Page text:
These are apps executed in blockchain. Bitcoin, being a transaction-focused peer-to-peer network, happened to be the first ever decentralized application. The opportunity to make smart contracts and write executable code within blockchain has given birth to all sorts of decentralized applications. Besides, DAps can be quite independent from any particular blockchain, operating as entirely stand-alone applications. Example: MadeSafe, a distributed data storage application. In short, it operates like this: you make your disk space and up-time available to the network users and collect your premium for that; alternately, you can upload your data to the network in exchange for your service. There had been similar projects in the past (for example, Wuala), but now, for the first time ever, they are founded on economic principles: you simply offer your space and get paid. So far there is no certainty whether the project will survive.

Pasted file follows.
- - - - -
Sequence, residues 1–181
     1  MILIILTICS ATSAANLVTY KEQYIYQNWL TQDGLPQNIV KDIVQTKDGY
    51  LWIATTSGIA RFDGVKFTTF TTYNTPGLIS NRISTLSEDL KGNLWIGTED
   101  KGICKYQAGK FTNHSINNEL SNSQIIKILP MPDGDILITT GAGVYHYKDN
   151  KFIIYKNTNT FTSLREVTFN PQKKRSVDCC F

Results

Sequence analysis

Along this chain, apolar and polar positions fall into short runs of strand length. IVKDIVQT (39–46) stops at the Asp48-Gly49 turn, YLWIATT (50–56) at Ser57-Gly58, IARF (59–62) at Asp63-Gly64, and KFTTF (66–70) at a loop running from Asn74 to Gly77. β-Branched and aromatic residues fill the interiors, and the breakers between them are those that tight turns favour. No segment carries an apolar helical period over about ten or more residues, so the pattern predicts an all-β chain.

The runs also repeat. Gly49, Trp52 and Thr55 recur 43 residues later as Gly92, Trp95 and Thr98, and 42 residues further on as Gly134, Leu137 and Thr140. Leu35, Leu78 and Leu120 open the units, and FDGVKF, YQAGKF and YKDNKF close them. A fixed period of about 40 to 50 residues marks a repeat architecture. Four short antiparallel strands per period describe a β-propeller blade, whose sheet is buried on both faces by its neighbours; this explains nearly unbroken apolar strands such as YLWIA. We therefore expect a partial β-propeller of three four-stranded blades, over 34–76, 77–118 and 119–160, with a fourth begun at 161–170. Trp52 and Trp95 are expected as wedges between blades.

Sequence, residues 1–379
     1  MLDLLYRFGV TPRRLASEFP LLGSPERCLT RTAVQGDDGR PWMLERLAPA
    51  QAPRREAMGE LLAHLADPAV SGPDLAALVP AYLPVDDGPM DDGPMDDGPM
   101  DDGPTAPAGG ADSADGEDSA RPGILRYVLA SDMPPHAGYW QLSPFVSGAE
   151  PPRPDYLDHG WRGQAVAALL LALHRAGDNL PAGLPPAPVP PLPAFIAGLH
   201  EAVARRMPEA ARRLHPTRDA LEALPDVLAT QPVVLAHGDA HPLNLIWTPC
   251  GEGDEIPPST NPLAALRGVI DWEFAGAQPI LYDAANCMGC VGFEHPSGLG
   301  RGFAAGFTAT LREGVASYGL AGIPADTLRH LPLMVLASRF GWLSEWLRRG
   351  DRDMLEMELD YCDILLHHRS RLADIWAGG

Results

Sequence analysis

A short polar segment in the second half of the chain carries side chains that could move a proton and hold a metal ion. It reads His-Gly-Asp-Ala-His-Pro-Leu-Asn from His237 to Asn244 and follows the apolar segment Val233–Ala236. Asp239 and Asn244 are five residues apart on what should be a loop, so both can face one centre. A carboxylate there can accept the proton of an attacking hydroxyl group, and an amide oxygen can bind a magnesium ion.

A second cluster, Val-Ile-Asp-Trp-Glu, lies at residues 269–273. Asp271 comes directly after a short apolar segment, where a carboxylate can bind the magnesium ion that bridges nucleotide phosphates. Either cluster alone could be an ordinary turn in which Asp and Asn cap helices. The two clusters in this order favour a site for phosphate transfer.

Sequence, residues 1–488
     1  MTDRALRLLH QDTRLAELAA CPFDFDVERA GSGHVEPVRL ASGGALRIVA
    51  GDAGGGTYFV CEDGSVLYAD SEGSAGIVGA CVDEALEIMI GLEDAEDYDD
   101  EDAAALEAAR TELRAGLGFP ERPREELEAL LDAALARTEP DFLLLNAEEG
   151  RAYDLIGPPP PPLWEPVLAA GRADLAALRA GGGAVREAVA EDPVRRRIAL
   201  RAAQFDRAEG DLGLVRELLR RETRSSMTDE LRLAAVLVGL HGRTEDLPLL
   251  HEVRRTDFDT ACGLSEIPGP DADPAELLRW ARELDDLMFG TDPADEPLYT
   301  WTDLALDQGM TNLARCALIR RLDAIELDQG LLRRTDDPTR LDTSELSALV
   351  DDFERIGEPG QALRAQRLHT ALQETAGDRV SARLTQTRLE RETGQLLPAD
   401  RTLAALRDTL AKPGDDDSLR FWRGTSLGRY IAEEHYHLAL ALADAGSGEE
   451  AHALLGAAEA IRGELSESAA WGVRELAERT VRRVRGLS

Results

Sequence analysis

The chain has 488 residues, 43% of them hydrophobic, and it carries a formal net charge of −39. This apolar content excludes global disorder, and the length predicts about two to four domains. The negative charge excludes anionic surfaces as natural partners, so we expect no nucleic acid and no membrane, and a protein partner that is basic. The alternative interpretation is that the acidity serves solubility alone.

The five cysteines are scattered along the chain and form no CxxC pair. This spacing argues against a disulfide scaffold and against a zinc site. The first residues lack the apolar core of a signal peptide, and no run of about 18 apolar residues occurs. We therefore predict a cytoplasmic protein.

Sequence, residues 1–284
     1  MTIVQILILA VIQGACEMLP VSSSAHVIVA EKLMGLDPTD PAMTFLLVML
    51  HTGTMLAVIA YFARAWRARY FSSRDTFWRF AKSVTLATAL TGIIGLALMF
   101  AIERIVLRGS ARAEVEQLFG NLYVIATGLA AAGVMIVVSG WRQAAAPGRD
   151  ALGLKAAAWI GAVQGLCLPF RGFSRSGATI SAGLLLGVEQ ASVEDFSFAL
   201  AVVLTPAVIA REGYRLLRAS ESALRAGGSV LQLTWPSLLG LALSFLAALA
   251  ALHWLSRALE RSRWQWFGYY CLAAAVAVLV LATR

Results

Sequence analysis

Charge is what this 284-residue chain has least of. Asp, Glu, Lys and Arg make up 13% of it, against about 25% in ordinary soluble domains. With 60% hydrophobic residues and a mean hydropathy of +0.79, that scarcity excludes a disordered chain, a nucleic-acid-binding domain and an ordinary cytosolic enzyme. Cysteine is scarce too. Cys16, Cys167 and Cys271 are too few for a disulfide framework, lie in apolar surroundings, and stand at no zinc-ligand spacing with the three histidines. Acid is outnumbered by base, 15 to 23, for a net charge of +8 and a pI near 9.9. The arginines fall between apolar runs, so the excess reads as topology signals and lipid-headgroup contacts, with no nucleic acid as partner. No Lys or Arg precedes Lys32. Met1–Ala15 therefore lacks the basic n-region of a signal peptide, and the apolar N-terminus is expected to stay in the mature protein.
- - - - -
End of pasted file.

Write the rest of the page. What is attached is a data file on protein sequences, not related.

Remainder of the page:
Internet sources give a list of criteria an application must satisfy to be called a DApp:
- A Dapp must be fully open-code, it must operate as a stand-alone application and no organization may be able to claim possession of the greater part of its tokens. A Dapp may adapt its protocol in response to suggested improvements and market feedback, but all changes must be adopted by consensus of all its users.
- A DApp’s data and operating reports must be encrypted and stored in a public domain, the so called decentralized blockchain, to avoid any potential network outage.
- A DApp must require a cryptographic token (bitcoin or original app token) for access to it. Every bit of input contributed by miners must be rewarded in DApp’s tokens.